Tucker Named Head Football Coach

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BOULDER — Mel Tucker, who has spent the last three years as the defensive coordinator and secondary coach at the University of Georgia, has been named the 26th full-time head football coach at the University of Colorado, athletic director Rick George announced Wednesday.

George has proposed that CU’s Board of Regents approve a five-year deal for Tucker worth $14.75 million of which the first-year salary would be $2.4 million and then increase by $275,000 annually, not including additional pay if any of several incentives in the contract are met. The Regents must approve Tucker’s contract, which campus leaders hope to present for their consideration at their Dec. 12 special meeting in Denver.

Tucker will begin work immediately and will not coach Georgia in the Sugar Bowl against Texas on New Year’s Day.

“Colorado has always been a place that I thought should be relevant in the national championship conversation year-in and year-out, because of its tradition and a seemingly endless list of what the school has to offer,” Tucker said. “What we have to offer are some of the best facilities in the country, strong academics, and an amazing environment as a whole. Colorado should be a ‘no excuse’ program. There’s absolutely no reason we can’t achieve success at an extremely high level.

“I can remember when Colorado was dominant with players like Kordell Stewart, Rashaan Salaam, Chris Hudson, Darian Hagan, Alfred Williams and others,” Tucker continued. “Colorado always had difference makers and was very dynamic on both sides of the ball. That’s the imprint instilled in my mind when it came to CU. My plan is to continue to restore that tradition and make sure that Colorado once again becomes an elite national program. There’s not a better place in America to live, to coach and go to school.”

Tucker, 46, replaces Mike MacIntyre, who was dismissed as CU’s head coach on Nov. 18 with one game remaining in the season; quarterback coach Kurt Roper was named interim head coach for the finale at Cal, and the Buffaloes went on to finish the 2018 season with a 5-7 record.

“If you go back last month when I talked about what I wanted in our next head coach, you’ll find that Mel checks all those boxes,” George said. “He has great experience and a terrific pedigree; I like the way he coaches football, his toughness and accountability. Those are the things we were looking for.

“We didn’t say we were looking for a specific name or sitting head coach,” George continued, confirming that he approached Tucker to first gauge his interest in the position, which was immediate. “He’s a great recruiter, just look at the No. 1 draft picks he’s recruited and signed. That’s important. Mel is someone who will relate to the players and is a well-organized, strong administrator. He played the game, he went to Wisconsin and was an accomplished player who had a shot to go to the NFL.

“Nick Saban hired him three times for a reason; the guy’s really good. People will love him. He’s a family guy and integrity is really important to him.”

Tucker is not the first to be hired at Colorado with no previous collegiate head coaching experience, though he does have five games in the National Football League as an interim head coach. In the modern era (post-World War II), he joins an impressive list in Dal Ward (1948), Sonny Grandelius (1959), Eddie Crowder (1963), Bill McCartney (1982), Rick Neuheisel (1995) and Jon Embree (2011) as full-time coaches who were previously assistants. McCartney, of course, went on to become CU’s all-time winningest coach with a 93-55-5 record over 13 seasons, and all but Embree had winning records.

Chancellor Philip P. DiStefano, who also serves on the board of directors for the NCAA (Division I) and the Pac-12 Conference, praised George for finding such a dynamic head coach to lead the Buffs.

“I want to thank Rick George for his outstanding work and leadership in our athletics program,” DiStefano said. “I also want to thank the student-athletes in the football program for the way they have handled this transition. I have no doubt Coach Tucker will have an immediate positive impact on our football program and our university. Together as Buffs, we will continue to build our football program on the field and in the classroom.”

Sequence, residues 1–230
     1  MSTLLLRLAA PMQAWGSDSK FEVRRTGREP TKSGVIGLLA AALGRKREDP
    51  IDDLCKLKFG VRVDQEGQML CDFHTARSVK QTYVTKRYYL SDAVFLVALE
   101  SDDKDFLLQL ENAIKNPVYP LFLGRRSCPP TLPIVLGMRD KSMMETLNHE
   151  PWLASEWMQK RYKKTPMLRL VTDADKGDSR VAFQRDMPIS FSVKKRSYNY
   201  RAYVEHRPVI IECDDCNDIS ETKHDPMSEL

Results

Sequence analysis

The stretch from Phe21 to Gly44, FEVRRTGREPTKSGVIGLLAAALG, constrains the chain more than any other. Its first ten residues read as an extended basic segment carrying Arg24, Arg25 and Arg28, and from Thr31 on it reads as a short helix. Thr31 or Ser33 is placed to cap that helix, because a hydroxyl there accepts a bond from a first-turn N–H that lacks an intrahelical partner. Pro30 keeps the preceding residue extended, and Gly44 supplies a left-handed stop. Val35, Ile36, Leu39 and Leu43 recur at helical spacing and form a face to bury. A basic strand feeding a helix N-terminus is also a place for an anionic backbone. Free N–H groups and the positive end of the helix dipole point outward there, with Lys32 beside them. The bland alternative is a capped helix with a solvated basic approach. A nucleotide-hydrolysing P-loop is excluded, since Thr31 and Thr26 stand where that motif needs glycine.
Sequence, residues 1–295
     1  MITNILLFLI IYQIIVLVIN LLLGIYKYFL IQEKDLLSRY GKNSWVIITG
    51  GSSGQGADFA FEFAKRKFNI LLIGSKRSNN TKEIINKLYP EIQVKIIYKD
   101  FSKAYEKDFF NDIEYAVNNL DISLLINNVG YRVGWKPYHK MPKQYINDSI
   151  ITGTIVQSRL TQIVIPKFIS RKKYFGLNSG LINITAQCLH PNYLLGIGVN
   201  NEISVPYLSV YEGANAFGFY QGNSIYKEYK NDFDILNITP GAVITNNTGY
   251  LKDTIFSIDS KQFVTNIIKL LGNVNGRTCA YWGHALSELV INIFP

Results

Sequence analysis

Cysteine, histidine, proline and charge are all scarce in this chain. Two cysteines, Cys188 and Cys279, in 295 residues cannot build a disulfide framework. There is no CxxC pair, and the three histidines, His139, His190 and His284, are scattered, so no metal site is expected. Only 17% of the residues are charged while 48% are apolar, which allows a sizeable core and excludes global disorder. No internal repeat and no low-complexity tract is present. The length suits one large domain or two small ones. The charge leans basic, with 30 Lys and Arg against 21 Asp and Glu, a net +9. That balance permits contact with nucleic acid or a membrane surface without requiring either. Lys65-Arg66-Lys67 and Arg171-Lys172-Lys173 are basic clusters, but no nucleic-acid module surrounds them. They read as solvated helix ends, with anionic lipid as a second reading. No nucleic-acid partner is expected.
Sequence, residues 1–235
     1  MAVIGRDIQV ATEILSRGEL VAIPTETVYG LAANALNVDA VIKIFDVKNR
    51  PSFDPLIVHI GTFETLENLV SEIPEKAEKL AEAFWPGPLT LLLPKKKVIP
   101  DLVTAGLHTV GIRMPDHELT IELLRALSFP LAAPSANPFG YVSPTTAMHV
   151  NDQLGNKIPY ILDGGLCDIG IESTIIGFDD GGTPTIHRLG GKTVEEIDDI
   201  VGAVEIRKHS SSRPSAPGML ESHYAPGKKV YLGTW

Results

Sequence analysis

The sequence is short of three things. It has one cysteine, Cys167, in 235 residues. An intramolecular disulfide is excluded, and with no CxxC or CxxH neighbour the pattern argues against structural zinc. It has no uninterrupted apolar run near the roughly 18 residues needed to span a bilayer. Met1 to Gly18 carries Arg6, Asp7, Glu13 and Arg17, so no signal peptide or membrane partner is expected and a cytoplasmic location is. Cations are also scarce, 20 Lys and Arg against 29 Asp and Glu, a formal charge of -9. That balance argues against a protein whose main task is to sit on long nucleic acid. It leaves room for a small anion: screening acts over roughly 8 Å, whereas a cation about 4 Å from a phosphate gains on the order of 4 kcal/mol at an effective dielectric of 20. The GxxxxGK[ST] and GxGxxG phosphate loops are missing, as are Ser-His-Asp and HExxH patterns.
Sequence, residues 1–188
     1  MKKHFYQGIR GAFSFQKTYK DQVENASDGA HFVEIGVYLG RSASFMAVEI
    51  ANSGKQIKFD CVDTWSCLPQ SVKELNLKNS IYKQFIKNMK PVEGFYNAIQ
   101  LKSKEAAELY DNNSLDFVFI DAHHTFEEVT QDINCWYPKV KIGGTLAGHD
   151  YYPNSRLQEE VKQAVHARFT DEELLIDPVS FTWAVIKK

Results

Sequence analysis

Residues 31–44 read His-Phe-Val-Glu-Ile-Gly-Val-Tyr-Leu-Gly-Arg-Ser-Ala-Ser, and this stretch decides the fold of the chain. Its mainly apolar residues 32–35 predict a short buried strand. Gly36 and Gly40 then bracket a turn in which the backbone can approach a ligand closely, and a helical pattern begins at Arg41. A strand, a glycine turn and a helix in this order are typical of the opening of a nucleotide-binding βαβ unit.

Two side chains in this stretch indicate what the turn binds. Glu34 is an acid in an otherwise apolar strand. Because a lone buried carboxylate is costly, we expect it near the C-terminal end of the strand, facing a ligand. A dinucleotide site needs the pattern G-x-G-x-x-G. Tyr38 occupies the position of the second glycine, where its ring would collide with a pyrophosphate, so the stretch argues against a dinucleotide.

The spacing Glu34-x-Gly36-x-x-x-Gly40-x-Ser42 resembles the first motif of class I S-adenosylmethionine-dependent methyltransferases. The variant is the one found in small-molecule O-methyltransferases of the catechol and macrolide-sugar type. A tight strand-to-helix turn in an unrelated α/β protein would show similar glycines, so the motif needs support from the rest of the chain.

Tucker enjoyed a tremendous run at Georgia, where he was instrumental in the Bulldogs compiling a 32-9 record along with winning the school’s first Southeastern Conference championship in 12 years when UGA defeated Auburn in the league’s 2017 title game. One of the staff’s top recruiters, 247Sports.com ranked him as the No. 14 recruiter in the nation based off the class he helped UGA sign ahead of the 2018 season.

Georgia’s defense is currently ranked in the top 25 in several key categories, most notably in total defense (13th, 311.2 yards allowed per game), passing defense (15th, 180.5 per game) and scoring defense (15th, 18.5 points per outing).

In last Saturday’s SEC Championship game in which Alabama rallied to win, 35-28, his Bulldog defense held the Crimson Tide scoreless in the first quarter for the first time all season, forced a UA season-high four three-and-outs (in 12 possessions) and held its Heisman Trophy candidate, quarterback Tua Tagovailoa, to a season-worst 92.3 rating. His defenses were dialed in on third down, as the Tide was 8-of-25 in the last two games against UGA, dating back to the 2018 national championship game which Alabama also rallied to win, 26-23, in overtime.

In 2017, Tucker was part of the UGA staff that led the Bulldogs to a school record-tying 13 victories, along with the school’s first SEC championship since 2005 and first appearances in the College Football Playoff (and victory, which was over Oklahoma in the Rose Bowl/CFP semifinal game) and in the College Football Playoff Championship game. Georgia’s defense finished second in the SEC and sixth nationally in both scoring defense (16.4 ppg) and in total defense (294.9 ypg), while also finishing second in the conference in rushing defense. One of his players, Roquan Smith, won the Butkus Award as the nation’s top linebacker.

In his first year at UGA, Tucker guided a Bulldog defense that ranked among the nation’s top 20 units in total defense, passing defense, turnovers gained and first down defense.

Tucker was named UGA defensive coordinator and secondary coach in January 2016, just days after winning a national championship with Alabama (which defeated Clemson 45-40 in the CFP title game). He spent that 2015 season serving as assistant head coach and defensive backs coach for the Crimson Tide, the third time he was hired by Nick Saban.